2. Joanne says:

    Oh wow, that is awesome, especially since sprouts are so expensive! Thanks for this post!

  3. Wilderness says:

    Norma thank you so much for the post. I read it in my email first thing this morning and have already ordered the seed this morning. I don’t know what you pay at the health food store but I found them on line with free shipping for $8 a pound. I am sure I am paying for the shipping just hid.

    I can’t wait for them to get here and I can make some. I have the perfect dish to grow them in. It is one of those steamers will all the little leaves that open up to fit the pan. Have you ever used coffee filters rather than paper towels to put them between?

    Also have you ever tried growing the plants and drying them. I ordered enough seed to give that a try. Have been doing some research this morning. It sounds doable.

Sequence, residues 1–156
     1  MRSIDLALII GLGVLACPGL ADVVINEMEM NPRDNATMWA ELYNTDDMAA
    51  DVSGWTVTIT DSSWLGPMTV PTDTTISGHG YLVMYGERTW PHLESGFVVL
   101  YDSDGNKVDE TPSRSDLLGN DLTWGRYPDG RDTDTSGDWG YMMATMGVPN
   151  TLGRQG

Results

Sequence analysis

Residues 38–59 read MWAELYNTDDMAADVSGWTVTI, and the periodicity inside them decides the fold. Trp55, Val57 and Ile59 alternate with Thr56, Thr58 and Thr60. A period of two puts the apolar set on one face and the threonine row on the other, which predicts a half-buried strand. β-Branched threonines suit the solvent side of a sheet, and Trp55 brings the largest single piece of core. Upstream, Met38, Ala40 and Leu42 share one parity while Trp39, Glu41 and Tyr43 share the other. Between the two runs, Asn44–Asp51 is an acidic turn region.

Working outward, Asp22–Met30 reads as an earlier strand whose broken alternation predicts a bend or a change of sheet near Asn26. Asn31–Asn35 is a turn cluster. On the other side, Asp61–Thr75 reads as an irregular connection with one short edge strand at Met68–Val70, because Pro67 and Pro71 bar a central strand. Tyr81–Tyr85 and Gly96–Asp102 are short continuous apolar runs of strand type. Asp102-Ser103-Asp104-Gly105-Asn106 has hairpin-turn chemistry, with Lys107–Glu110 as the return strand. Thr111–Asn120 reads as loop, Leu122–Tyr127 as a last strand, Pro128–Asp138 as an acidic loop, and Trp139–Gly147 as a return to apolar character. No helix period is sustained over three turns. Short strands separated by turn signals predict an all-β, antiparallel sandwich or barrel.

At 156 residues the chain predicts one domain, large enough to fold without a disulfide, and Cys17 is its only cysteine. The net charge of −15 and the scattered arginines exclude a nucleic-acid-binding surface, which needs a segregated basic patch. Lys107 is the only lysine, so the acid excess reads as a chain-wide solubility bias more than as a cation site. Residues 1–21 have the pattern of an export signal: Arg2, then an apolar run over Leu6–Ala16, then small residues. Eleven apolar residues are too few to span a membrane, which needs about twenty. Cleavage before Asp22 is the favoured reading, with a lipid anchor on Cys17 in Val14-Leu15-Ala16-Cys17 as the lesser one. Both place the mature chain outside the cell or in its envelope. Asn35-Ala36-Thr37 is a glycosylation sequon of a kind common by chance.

Again thanks for the post.

    • Norma Chang says:

      Hello Wilderness,
      You are welcome. I paid $2.29 (they were on sale) a pound for organic mung beans at the health food store.
      No I have not used coffee filter but I am sure it will work just fine. Try the sprouts at different stages to find the stage you like best.
      No I have not grown the sprouts for drying, let me know what your results are and how you like the dried sprouts.

      • Wilderness says:

        That is cheap compared to anything I have found on line. You actually grow the plant and dry the beans to use for growing sprouts. I am going to give it a try. It will be close on timing with my short growing season but worth a try since the beans are so expensive.

      • Norma Chang says:

        Hello Wilderness,
        Yes, you can grow the beans and save seeds. ALSO, you can harvest the young pods and use as you would green beans, they are delicious. The only issue I had was that because the pods are so thin, it takes a lot to make a dish and it is quite tedious to harvest, but it is worth while as the tender bean pods are sooooo delicious and you cannot purchase them anywhere. I may just decide to grow them again this year.

  4. kitsapfg says: